Spivak focuses on the relationship of debates in philosophy, history, and literature to the emergence of a postcolonial problematic. Overall, she seeks to distance herself from mainstream postcolonial literature and to reassert the value of earlier theorists such as Kant and Marx...Those already interested in the postmodern and postcolonial debates may find her style invigorating. (Kent Worcester Library Journal)
A founder of postcolonial studies surveys the current state of the field and finds much to criticize. This is vintage Spivak--dazzling, often exasperating, but unfailingly powerful. (Partha Chatterjee, author of The Nation and Its Fragments)
In these pages Gayatri Spivak performs what often seems either impossible or purely gestural--a critique of transnational globalization which manages to be equally attuned to its cultural and economic effects. This book deserves to be read for its modulated defense of Marxism and feminism alone. It will be welcomed as the clearest statement to date of Spivak's own relationship to the postcolonial theory with which she herself--wrongly, as she forcefully argues here--is so often identified. With a brilliance that is uniquely hers, Spivak issues a challenge which will be very hard to avoid to the limits of theory and of academic institutions alike. (Jacqueline Rose, author of States of Fantasy)
Gayatri Spivak tells us that here she charts her progress from colonial discourse studies to transnational cutlural studies. She does so brilliantly. And she does so much more. She constructs this extraordinary progress through an intricate labyrinth, but one with blazing lights in every corner. (Saskia Sassen, author of Globalization and its Discontents)
Gayatri Spivak works with remarkable complexity and skill to evoke the local details of emergent agency in an international frame. Her extraordinary attention to the texts she reads and her ability to track the reach of global power make her one of the unparalleled intellectuals of our time. (Judith Butler, author of The Psychic Life of Power)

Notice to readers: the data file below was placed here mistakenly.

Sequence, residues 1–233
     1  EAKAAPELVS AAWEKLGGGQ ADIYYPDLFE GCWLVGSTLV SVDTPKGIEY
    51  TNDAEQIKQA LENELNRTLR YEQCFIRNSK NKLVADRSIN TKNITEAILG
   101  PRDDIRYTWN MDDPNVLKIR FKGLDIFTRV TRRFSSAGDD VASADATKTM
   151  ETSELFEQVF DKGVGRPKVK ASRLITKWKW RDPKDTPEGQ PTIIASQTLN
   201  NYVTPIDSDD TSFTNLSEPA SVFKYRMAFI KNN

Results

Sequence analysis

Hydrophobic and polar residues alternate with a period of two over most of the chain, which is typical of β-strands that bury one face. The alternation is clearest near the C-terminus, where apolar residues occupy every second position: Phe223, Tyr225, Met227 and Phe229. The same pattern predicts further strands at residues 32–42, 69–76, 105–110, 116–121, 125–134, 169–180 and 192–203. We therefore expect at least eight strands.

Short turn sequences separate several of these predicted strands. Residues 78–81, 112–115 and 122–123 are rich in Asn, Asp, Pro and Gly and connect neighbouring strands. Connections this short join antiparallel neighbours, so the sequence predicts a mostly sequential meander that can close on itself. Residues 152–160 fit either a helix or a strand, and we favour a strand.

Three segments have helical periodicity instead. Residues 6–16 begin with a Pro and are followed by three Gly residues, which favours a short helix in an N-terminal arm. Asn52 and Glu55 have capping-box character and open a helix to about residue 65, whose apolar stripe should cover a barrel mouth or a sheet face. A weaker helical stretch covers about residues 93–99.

Gayatri Spivak's most recent text, A Critique of Postcolonial Reason, brings together in a single volume a wide range of her work in postcolonial studies She weaves together these multiple levels of critique brilliantly, presenting a rigorous reading of the discourses of imperialism A Critique of Postcolonial Reason presents a scrupulous discussion of imperialism in European philosophy, literature, history, and culture. (Rachel Riedner American Studies International)
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Top Customer Reviews
Many people apparently are maddened by her methods because there is no easy "method" to be extracted from her work. Her style is an antithesis to traditional "methods". The only real tool a theorist or critic has is intelligence and that quality is not easily described and perhaps not directly transmittable, especially when the kind of intelligence in question has no precedent and must thus inscribe itself into the language for the first time.
Most recent customer reviews
It's sad that someone of Spivak's obvious (too obvious) learning can be coddled by her friends in academia into thinking this book is publishable. Read morePublished on Jan. 10 2002
This is book is often silly and almost always self-righteous in academe's usual way, but there are valuable and engaging, if not entirely original, ideas here about feminism and... Read morePublished on Jan. 1 2000 by Gwen
This book is about 400 pages too long. Postcolonialism and Cultural Studies approaches to problems deserve a better advertisement than this costly bit of charlatanry.Published on July 28 1999